Government proposes to filter legal content for child safety
This government continues to suffer from poor research, 'fag packet' proposals and a general lack of understanding - we don't want to become like China, and we don't need you to parent our children
Today, a cross party group of MPs announced widespread filtering of the Internet in the UK. Under the proposals, the group has said that Internet Service Providers have responsibility to filter ‘inappropriate content’ from children. This announcement is yet another example of the lack of understanding in new technologies by this Coalition Government. More importantly, it sends a clear signal, internationally, that the UK is willing to engage in dictatorship-style policies – and it sends a message to all parents across the UK that the government knows best.
There are four reasons why these proposals are difficult, at best, to understand. First, let’s be clear about the content cited. The pornography and ‘inappropriate content’ that the group proposes to filter is legal. Yes, that is right – this is legal content. It might be content that we don’t want to see or think is socially unacceptable, but it is legal. The illegal content – like child pornography – is already addressed by the law and by organizations like the Internet Watch Foundation that voluntarily acts on behalf of ISPs and major Internet websites to police the Internet.
Second, these policies are not dissimilar to the proposals that Russia and China have put forth for international governance of the Internet, except they fall under a different rubric: national security. Both China and Russia, along with other usual suspects, are proposing international Internet regulation agreements through International Telecommunication Union treaties that will give UN regulation of content for cyber security protection. (A detailed article on this issue appears in the May Vanity Fair. In effect, this cross party group is proposing that the UK government regulate and manage legal content much in the same way Russia and China proposes. Ironically, the UK will continue to argue for a free and open Internet internationally throughout these treaty negotiations while, at home, Internet government proposals are much the opposite.
Third, filtering for legal pornography will be a bigger challenge to accomplish technically for Internet Service Providers. ISPs are not in the business of managing and monitoring specific types of Internet traffic on a day to day basis – especially if that traffic is legal. They manage the delivery of the access to the Internet. If ISPs have to change their business practices to manage specific types of content, that will take away from investment in new fixed and broadband rollout. Both time and money will be taken away from rolling out the much needed new Internet infrastructure. From a taxpayers’ perspective alone we want private companies to invest in the market for Internet access to ensure competition. We don’t want our hard earned money to subsidise broadband infrastructure when it doesn’t need to.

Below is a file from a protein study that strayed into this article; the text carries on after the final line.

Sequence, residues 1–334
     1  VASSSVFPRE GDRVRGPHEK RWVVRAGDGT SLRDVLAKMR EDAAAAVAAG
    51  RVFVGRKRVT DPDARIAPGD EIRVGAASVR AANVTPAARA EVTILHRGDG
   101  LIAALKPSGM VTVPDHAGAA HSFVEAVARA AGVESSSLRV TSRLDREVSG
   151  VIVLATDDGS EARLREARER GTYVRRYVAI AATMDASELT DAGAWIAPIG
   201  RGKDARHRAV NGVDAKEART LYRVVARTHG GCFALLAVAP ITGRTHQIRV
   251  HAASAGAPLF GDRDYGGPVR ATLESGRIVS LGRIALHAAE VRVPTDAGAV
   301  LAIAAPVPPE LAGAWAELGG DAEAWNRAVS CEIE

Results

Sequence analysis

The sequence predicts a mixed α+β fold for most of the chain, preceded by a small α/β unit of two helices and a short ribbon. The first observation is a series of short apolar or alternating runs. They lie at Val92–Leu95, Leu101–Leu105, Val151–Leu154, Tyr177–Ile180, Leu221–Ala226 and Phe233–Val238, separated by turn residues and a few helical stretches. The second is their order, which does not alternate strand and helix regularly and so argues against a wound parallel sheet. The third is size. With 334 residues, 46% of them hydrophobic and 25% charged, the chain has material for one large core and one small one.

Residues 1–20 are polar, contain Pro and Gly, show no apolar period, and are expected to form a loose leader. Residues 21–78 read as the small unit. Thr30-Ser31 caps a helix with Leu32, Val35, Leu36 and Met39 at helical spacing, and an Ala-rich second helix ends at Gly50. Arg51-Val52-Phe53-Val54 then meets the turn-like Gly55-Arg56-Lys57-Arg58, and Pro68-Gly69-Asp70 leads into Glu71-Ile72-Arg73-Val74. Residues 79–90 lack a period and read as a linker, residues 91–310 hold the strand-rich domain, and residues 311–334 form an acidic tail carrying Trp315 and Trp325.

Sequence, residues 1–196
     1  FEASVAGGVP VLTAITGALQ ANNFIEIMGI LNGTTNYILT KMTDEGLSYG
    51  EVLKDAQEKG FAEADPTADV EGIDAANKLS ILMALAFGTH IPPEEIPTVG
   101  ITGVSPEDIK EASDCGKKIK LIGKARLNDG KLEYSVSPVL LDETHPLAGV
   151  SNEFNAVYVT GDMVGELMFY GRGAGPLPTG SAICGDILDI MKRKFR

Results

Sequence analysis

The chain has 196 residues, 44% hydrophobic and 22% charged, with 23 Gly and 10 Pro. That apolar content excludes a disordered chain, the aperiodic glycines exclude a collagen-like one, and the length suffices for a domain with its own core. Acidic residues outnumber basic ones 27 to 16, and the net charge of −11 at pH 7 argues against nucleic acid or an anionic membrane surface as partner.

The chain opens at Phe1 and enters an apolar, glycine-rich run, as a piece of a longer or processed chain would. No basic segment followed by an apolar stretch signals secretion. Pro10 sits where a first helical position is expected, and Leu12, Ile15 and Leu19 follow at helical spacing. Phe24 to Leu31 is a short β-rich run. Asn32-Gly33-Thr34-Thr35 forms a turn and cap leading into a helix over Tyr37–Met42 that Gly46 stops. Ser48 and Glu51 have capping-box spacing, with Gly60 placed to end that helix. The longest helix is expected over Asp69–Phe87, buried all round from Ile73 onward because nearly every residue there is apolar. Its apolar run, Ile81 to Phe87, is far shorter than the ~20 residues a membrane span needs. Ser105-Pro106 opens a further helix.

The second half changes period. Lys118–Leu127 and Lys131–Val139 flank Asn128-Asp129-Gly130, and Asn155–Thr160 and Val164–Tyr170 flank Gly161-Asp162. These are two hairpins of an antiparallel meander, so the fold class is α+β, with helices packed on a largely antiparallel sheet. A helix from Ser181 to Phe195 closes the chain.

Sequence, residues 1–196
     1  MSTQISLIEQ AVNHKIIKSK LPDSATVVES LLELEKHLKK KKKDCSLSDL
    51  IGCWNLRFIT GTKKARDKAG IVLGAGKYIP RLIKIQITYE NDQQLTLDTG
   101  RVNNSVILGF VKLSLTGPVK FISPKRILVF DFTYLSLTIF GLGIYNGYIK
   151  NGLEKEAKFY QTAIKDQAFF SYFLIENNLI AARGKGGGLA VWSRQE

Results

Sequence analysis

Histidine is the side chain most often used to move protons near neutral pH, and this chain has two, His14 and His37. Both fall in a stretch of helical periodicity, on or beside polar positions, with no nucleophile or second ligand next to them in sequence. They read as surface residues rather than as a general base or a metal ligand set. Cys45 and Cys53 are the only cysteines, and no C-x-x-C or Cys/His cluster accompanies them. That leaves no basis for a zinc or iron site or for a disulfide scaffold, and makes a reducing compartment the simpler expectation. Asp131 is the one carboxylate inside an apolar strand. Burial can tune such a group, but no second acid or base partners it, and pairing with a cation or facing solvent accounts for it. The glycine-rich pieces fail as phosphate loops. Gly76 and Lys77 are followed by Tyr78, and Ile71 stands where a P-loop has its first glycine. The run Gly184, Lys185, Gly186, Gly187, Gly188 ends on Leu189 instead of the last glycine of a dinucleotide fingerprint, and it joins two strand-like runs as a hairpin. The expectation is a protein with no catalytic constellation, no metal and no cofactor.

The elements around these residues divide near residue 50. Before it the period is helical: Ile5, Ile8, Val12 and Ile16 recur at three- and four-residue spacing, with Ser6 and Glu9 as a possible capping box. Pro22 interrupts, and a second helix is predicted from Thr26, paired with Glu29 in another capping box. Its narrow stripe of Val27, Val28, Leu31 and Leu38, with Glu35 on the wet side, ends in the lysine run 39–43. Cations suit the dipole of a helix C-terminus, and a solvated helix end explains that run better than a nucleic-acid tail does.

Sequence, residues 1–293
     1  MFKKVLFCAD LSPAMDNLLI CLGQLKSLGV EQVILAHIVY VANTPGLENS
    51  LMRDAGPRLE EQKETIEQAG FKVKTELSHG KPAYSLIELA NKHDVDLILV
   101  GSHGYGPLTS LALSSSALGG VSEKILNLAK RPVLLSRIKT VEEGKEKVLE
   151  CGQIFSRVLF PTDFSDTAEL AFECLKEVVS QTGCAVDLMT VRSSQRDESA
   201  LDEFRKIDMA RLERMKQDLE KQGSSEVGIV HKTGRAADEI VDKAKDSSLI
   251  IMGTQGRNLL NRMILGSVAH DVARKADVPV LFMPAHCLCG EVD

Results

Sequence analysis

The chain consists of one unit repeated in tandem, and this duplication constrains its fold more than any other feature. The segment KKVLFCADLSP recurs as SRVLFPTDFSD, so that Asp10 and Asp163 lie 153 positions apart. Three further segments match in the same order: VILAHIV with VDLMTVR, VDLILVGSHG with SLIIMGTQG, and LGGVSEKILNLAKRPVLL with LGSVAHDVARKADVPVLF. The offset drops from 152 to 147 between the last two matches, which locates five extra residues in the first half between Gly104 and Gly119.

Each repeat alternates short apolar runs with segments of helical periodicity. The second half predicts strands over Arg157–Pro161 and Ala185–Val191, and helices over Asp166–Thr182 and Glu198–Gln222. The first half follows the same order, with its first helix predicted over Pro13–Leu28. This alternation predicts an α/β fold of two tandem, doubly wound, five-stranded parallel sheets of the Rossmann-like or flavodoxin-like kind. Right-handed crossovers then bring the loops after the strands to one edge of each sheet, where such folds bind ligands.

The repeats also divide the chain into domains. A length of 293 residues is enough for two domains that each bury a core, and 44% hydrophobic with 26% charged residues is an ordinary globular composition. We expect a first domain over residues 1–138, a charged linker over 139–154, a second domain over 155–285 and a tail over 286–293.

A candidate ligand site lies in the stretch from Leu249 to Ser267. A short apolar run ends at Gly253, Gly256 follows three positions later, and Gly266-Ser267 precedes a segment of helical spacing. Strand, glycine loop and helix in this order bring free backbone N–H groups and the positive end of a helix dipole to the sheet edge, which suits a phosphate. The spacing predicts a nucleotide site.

Fourth, let’s not shy away from the overarching, implied message that the government is sending with this kind of ad hoc policy proposal: the government knows better than parents when it comes to child protection. Sadly, we all know that there are times when parents fail to provide the best for their children, however those times are few and far between. Most parents want what is best and are aware of all of the problems that being online may bring. However, online dangers are no different than offline dangers – same problems, different generation. Parents, in conjunction with their local communities, schools, and every other support network do come together over issues like these. So far it seems to work out ok, or at least has done for thousands of years.
This government continues to suffer from poor research, ‘fag packet’ proposals and a general lack of understanding of issues that face the UK today. I only wish that the researchers behind this proposal had done a little more background analysis before deciding upon these proposals that will put us on par with Russia, China, and Iran and will, sadly, impact the much needed infrastructure investment in the UK. But the most arrogant aspect of this proposal is that the government does actually believe that it knows best – even better than parents know their children.
Dominique Lazanski spent over 10 years in the Internet industry in Silicon Valley and works for the Tax Payers' Alliance in the United Kingdom. She tweets at @dml
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